There are more secrets to apian collective intelligence than division of labor, hierarchical organization, and the efficiency imparted by imitation. A fourth is quorum sensing. Each scout fans an eccentric path in search of food. If she spies a promising cache, she does not operate on impulse. She doubles and triple checks her conclusions, reflying the path several times to memorize its bearings. She returns to the hive interior and uses one of the first forms of symbolic representation known in evolution-the waggle dance. Cakewalking on an upright wall of the hive’s lightless interior, she performs a figure eight. Its orientation indicates the direction of her find relative to the position of the sun. The speed of her movement, the number of times she repeats it, and the fervor of her noisy waggling indicate the richness of the food source and the difficulty in flying there (half a mile in a stiff wind consumes far more energy than the same distance cruised through placid air). Her audience follows her, sniffing the scent of food she carries, feeling her movements, alert not only to the instructions each motion imparts, but to the judgements implied in the performer’s “enthusiasm.”

Despite the initial messenger’s caution in verifying her conclusions, the masses are not easily swayed. Other scouts make the trip, reach their own judgements, then return to waggle-dance their verdicts. The more vigorous and numerous the corroborative performances, the more persuasive is the data. Several bees usually make separate discoveries. Some of the finds are richer and easier to reach than others. The greater the payoff, the more scouts are impelled to fly out and verify the reports for themselves. The more returning skeptics who stage confirmations, the more bees are allocated to working the patch. The number of converts is affected by the fact that a bee who has discovered a jackpot will jitterbug far longer than one who has encountered a mediocre flower zone. The longer the shimmy, the greater the number of indecisive foragers able to catch the show.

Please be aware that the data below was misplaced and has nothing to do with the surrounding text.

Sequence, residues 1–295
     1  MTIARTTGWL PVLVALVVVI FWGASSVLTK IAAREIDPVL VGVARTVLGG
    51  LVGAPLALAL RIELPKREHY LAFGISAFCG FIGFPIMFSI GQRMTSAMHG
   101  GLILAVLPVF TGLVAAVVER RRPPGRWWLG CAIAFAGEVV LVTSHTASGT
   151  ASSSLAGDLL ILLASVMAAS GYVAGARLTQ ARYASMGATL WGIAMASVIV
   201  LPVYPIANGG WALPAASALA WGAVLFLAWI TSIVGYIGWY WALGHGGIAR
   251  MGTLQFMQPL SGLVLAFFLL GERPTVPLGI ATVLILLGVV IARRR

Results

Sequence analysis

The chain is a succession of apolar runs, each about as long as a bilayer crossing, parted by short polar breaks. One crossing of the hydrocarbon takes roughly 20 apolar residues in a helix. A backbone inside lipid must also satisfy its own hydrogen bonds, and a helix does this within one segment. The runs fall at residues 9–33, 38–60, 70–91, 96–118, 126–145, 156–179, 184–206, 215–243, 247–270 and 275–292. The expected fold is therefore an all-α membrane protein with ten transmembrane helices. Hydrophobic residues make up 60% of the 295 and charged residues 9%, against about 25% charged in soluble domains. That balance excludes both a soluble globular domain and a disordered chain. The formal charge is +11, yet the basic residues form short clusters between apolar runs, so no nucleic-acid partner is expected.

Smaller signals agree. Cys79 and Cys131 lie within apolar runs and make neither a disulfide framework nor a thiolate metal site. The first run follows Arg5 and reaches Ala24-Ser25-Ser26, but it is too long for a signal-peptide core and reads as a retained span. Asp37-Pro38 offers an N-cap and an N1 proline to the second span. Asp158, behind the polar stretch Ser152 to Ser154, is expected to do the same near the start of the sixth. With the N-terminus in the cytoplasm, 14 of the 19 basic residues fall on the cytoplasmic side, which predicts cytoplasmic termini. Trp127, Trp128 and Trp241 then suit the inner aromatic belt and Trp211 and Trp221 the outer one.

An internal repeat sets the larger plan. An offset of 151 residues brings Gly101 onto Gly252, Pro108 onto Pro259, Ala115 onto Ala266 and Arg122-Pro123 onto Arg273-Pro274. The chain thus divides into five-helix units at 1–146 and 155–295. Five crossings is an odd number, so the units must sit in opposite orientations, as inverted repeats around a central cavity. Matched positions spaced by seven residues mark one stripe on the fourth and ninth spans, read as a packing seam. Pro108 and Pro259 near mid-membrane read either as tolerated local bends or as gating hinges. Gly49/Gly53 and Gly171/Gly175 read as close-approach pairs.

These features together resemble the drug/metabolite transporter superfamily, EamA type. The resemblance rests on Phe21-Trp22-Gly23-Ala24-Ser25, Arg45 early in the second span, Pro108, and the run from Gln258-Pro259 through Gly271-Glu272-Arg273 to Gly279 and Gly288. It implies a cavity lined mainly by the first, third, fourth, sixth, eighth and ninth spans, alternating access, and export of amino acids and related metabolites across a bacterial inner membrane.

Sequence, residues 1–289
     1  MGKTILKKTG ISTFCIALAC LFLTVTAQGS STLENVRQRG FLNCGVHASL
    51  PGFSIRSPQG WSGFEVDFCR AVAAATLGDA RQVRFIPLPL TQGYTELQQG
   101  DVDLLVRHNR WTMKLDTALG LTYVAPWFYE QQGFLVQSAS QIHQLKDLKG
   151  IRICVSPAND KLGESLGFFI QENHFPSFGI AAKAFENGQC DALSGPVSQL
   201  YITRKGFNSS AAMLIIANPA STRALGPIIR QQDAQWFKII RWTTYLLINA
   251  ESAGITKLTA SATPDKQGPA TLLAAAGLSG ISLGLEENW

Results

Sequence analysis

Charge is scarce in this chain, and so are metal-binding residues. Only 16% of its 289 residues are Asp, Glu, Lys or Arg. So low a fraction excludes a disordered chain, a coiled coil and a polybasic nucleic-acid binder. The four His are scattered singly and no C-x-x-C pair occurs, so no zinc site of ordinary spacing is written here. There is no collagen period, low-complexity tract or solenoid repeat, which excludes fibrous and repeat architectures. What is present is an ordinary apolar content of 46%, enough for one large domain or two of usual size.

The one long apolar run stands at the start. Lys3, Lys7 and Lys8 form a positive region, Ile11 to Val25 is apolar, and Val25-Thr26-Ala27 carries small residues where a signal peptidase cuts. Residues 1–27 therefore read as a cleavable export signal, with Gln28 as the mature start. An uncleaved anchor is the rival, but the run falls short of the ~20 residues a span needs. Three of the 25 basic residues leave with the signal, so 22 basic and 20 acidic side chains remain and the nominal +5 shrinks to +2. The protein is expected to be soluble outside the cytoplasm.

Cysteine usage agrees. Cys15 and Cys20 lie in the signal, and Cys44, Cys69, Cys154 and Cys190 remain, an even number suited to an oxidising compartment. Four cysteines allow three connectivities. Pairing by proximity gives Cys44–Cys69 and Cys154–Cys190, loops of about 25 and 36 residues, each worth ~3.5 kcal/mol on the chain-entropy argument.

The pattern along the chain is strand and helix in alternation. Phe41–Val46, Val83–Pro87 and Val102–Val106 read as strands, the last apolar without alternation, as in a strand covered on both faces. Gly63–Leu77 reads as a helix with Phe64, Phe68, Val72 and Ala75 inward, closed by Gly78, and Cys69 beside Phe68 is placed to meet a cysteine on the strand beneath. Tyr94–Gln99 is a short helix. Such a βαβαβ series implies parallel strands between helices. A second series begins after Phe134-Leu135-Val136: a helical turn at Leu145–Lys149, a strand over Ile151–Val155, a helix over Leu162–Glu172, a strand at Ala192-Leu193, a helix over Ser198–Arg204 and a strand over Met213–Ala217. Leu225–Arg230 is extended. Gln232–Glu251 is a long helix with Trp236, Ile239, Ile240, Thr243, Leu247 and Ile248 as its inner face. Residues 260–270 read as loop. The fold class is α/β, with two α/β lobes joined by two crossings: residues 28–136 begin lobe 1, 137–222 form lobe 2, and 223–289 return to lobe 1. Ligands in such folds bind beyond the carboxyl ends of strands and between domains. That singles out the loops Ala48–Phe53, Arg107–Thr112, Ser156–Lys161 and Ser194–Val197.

This process consumes time, but its accuracy and its ability to retune as one patch of flowers is exhausted and another discovered is critical. A hive has just a few short months in which to store a supply of honey. If it fails to gather the necessary minimum, it is likely to run out of supplies before winter ends. This means certain death-not just for the frailer bees among the bunch, but for the entire community. It means the extinction of the superorganism’s gene lines and of its collective mind. Each incoming scout’s dance has contained small errors. By pooling and averaging inputs, onlookers are able to home in on their destinations with impressive accuracy. The mass mind has once again made calculations beyond the capacity of any single bee.

Division of labor has also played its role-non-conformists performed the risky task of exploration. And conformists ensured that a crush of crowd power would be unleashed on the most advantageous missions.